UCLA Rabbi Accused of Kicking Woman

Times Staff Writer

The Los Angeles city attorney’s office said Wednesday that it will hold an administrative hearing on allegations that a prominent UCLA rabbi and peace activist kicked a woman after a lecture on campus last week.

City attorney spokesman Eric Moses said the office would not pursue a criminal investigation.

Rachel Neuwirth, a writer, accused Rabbi Chaim Seidler-Feller, the director of the Hillel Center for Jewish Life at UCLA, of kicking her Oct. 21 outside an auditorium after a speech by Harvard Law School professor Alan Dershowitz.

Seidler-Feller declined to comment, referring calls to his attorney, Donald Etra. Etra would not comment on whether the rabbi struck Neuwirth.


He acknowledged that an argument took place, and said Neuwirth called Seidler-Feller a “capo,” referring to Jews who served as overseers in Nazi concentration camps. The rabbi was not arrested.

“For someone active in the Jewish community, someone who has devoted his life to service in the Jewish community, whose family experienced the Holocaust, one could imagine that type of allegation is quite incendiary,” Etra said.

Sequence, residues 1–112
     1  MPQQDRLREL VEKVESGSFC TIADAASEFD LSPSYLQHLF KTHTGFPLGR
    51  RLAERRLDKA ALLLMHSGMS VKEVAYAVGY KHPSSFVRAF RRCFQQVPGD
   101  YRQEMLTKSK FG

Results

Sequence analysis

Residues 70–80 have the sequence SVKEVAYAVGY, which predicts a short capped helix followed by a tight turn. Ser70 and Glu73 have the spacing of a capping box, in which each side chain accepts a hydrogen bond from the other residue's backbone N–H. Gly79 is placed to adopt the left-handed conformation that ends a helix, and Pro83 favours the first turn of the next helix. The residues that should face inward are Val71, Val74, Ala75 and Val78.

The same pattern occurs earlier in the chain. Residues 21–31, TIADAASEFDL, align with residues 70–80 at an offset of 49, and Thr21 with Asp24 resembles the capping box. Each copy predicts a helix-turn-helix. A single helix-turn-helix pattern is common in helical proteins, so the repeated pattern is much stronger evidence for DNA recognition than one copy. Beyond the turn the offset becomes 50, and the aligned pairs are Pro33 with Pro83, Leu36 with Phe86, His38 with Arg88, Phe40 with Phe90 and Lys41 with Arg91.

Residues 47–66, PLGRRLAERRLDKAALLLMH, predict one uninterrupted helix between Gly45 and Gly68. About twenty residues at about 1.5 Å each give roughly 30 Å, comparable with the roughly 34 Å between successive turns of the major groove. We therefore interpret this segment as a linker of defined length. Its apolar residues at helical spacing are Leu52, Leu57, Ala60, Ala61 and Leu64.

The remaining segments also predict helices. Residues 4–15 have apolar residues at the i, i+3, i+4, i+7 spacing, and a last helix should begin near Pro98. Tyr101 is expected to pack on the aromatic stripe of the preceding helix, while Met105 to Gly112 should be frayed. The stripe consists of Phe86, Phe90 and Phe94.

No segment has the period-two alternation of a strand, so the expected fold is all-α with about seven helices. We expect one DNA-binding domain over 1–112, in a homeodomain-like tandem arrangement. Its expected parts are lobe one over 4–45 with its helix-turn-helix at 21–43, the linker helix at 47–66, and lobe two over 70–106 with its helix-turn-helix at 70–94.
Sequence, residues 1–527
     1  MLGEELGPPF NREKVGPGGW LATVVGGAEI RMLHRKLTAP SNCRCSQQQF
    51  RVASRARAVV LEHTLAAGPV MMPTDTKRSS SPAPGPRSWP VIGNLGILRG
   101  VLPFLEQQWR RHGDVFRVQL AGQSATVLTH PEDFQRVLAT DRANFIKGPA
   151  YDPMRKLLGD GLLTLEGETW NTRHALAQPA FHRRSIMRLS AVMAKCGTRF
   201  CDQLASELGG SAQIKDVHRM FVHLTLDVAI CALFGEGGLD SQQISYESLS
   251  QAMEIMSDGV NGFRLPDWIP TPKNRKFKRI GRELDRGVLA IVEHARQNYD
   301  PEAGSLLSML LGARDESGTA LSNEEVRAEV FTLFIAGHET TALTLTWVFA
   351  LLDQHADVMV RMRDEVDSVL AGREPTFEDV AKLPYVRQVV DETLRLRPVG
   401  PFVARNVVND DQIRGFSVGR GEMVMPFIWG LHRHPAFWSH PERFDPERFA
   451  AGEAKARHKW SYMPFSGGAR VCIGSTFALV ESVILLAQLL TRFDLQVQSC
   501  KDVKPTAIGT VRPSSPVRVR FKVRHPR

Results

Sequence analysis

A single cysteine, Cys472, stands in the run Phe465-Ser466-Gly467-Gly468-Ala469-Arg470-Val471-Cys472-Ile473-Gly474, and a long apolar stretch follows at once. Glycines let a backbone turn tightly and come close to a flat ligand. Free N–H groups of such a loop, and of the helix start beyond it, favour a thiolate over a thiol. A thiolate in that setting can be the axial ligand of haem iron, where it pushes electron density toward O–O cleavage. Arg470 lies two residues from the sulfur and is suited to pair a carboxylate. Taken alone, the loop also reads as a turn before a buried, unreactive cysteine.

Neuwirth, who writes about the Israeli-Palestinian conflict for Internet sites, said Seidler-Feller kicked and scratched her as they were leaving Royce Hall.

Neuwirth said Seidler-Feller had been discussing an upcoming speech by Sari Nusseibeh, president of Al Quds University, an Arab institution in Jerusalem, when she mentioned her belief that Nusseibeh had helped direct missile attacks on Israel in 1990.


Neuwirth said Seidler-Feller then attacked her until he was restrained by several students. She acknowledged calling the rabbi a “capo” but said it was not until after he attacked her.

Moses said it is “a fact of the case” that Seidler-Feller struck Neuwirth, but that Neuwirth uttered provocative statements to Seidler-Feller.

“The facts show the actions of more than one party led to this incident,” he said. Moses likened Neuwirth’s action to “an instigating penalty” in hockey, saying “one incident triggered another.”

“Based on the facts of the case, the best resolution will be outside the criminal justice system,” Moses said.


At a city attorney hearing, parties meet with a hearing officer, who can order binding actions to resolve a dispute, Moses said. In a case such as this one, Moses said, an officer could order parties to stay away from each other or direct one or the other to attend anger management classes.

Etra said he is “pleased and gratified” by the city attorney’s decision. Neuwirth’s attorney, Robert Esensten, said he plans to pursue a civil lawsuit.